The girl stood amongst her classmates. She was the farthest to the right as she was the shortest. Her teacher was giving a speech to the parents in the small audience. It was probably very touching and affectionate, but the girl's eyes were trained on her mother, who was staring into the surrounding farmland with her eyebrows knitted close together. Overall, she looked quite unhappy.
The girl wiped her sweaty hands on her dress. Her light blue frilly one with a flowery pattern swirling at the bottom. Skinny as she was, the dress squeezed the girl around the middle and itched furiously around her shoulders. It was her best dress, though.
She hadn't gotten a new dress in a long time.
Sudden clapping alerted the girl that the ceremony had ended. The kids to her left began wandering into the crowd to look for their parents. The girl followed suit, shuffling to her mother, who gave her a funny little smile as she approached.
"Where is Papa?" the girl asked, entwining her fingers with her mother's. "You said he would be here."
Her mother sighed. She got a sad look on her face as she so often did.
"I thought he would. I guess he was too busy." The girl nodded. Her father was always busy. He was always working.
"Meredith!" the girl called to the dark-haired child walking with her parents. Meredith turned around. "I'll race you home!" The girl released her grip on her mother's hand and started running, hearing her friend's footsteps in close pursuit.
The two girls beelined for their side-by-side houses. They sprinted along the dirt road between the backs of town homes and the vast fields of browning wheat. They jumped gracefully over puddles of mud with their expensive dresses flowing behind them. Meredith began to overtake her friend, who watched unsurprised. Meredith's long legs seemed to beat her every time.
Their houses approached. The smaller girl willed her feet to move faster, but it was hard to run in the poofy dress and stiff shoes. She was concentrating so hard on the yellow ribbons of Meredith's dress that she misjudged the distance over the next puddle. Her hard shoe splashed and slipped, and the girl with it.
Her best dress was ripped and splattered with mud. One of her shoes had gone flying into the field. Her hands were scratched and dirty from using them to break the fall. Her mother would be furious.
Meredith was jogging back to her friend on the ground.
"Are you okay?" She pulled the fallen girl to her feet.
"Yeah. . . Just scratched," the girl replied, attempting to brush some of the dirt from her dress. She looked around and spotted her mother jogging toward them.
As the woman neared, the girl braced herself for a harsh talking-to. Her mother grabbed her arm roughly. She was still panting from her run. Her nails dug fiercely into the girl's skin, but she said nothing. The girl braved a look at her mother's face. She was staring with a hard face in the direction of their home. Several tan colored tents erected on the fringes of their property. Men in matching colors mulled around them.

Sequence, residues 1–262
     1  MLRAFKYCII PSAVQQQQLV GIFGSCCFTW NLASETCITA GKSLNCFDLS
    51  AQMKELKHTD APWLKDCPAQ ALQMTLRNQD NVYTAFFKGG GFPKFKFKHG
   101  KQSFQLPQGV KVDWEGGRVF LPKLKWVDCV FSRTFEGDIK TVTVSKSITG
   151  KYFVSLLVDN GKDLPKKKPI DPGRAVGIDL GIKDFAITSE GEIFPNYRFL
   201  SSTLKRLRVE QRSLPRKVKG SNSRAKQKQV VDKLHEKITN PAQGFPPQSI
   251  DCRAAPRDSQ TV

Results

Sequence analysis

"Meredith, go home," the girl's mother said evenly, tonelessly. Wordlessly, Meredith turned and jogged toward her house. Wordlessly, the girl's mother started back to their home, her grip still tight on her daughter's arm. The girl felt both anger and protectiveness in it. They gave their yard a wide berth as they made it to the front door.
The entry of their small home led directly to the kitchen table, where the girl's father along with a strange man sat in conversation.
"Go to your room, dear," her mother said in that same flat voice. She didn't take her eyes off her husband as the girl kicked off her muddy shoes and trekked upstairs.
Over the course of the year of the girl's eighth birthday, her small town had changed. It wasn't physical, and it was so subtle that the girl hardly noticed at first. People became agitated for no apparent reason. Mothers held their children on a shorter leash. Pantries filled with non-perishables. One ominous word seemed to hang over every ordinary conversation: war.
The girl wasn't entirely sure what the word meant, but it must have been something bad. She tried asking her parents, but they always found an excuse to not answer.
"Mother, why did the Berkins move?" she had asked. Her mother got that faraway look in her eyes.
"Maybe their house was too small for all those kids," she replied with a false smiled on her face. That was her lying face. Her that's-a-bad-drawing-but-I-have-to-say-I-like-it-anyway face. The girl knew better than to push it, to say that there were plenty of bigger houses in the same neighborhood, but her parents were both grenades always on the verge of exploding.
The children in the eighth year class didn't seem to know much either. One boy said that war meant fighting, but how could that be true when there was no fighting at all? The girl was kept in the dark, and it ate at her continuously.